Where do preferences come from?

Abstract

Rational choice theory analyzes how an agent can rationally act, given his or her preferences, but says little about where those preferences come from. Preferences are usually assumed to be fixed and exogenously given. Building on related work on reasons and rational choice (Dietrich and List, Nous, forthcoming), we describe a framework for conceptualizing preference formation and preference change. In our model, an agent’s preferences are based on certain ‘motivationally salient’ properties of the alternatives over which the preferences are held. Preferences may change as new properties of the alternatives become salient or previously salient properties cease to be salient. Our approach captures endogenous preferences in various contexts and helps to illuminate the distinction between formal and substantive concepts of rationality, as well as the role of perception in rational choice.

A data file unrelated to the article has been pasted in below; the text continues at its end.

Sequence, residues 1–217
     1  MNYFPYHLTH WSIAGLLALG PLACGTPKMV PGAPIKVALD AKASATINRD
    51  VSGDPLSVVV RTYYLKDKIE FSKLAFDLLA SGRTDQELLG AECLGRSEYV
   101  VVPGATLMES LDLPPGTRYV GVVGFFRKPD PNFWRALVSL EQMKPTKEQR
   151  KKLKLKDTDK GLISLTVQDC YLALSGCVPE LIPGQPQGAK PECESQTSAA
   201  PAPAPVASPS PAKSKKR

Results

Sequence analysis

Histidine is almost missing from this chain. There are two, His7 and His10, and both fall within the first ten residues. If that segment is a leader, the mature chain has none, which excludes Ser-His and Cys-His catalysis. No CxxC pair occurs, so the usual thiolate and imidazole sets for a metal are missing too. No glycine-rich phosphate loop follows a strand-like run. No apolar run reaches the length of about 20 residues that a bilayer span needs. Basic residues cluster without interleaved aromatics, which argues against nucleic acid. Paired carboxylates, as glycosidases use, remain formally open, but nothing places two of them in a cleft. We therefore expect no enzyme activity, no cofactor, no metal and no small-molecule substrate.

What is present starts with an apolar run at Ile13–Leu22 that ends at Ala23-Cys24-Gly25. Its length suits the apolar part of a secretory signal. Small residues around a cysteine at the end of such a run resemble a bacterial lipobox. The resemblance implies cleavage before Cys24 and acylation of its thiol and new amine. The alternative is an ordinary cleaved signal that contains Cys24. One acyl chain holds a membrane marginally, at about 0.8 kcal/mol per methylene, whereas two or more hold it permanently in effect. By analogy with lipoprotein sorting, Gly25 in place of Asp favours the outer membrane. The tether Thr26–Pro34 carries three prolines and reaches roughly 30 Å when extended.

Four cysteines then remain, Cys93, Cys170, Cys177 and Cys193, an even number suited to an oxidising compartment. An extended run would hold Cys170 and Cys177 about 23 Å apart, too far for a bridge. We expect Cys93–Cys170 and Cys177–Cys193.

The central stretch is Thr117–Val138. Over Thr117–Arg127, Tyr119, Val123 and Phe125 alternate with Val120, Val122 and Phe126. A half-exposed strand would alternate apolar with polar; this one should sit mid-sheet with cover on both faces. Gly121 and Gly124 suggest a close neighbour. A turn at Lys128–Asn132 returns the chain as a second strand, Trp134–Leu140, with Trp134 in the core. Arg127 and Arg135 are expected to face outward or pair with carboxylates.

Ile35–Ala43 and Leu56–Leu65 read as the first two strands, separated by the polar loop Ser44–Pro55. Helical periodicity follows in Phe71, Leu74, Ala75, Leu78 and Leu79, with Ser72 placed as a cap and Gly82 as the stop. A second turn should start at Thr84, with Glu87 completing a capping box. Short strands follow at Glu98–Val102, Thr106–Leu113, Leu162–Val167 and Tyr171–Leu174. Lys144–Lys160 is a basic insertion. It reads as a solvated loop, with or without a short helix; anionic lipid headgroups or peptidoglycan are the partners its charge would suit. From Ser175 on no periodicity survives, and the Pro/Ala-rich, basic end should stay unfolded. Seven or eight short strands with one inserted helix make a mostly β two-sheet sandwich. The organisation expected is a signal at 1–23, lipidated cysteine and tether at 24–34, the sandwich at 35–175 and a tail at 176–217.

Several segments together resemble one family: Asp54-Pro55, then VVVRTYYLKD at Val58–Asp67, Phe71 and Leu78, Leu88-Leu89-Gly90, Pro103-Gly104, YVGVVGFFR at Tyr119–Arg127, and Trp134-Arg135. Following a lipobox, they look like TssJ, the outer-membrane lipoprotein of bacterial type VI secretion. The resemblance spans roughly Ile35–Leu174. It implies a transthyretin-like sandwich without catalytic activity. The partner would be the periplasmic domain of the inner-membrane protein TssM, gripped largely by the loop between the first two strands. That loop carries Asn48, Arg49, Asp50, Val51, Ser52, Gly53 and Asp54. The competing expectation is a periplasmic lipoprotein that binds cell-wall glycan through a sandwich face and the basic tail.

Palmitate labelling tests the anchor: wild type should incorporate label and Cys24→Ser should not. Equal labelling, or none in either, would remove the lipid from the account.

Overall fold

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Correspondence to Christian List.

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Dietrich, F., List, C. Where do preferences come from?. Int J Game Theory 42, 613–637 (2013). https://doi.org/10.1007/s00182-012-0333-y

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Keywords

  • Preference formation
  • Preference change
  • Properties
  • Motivations
  • Reasons
  • Endogenous preferences
  • Formal versus substantive rationality
  • Perception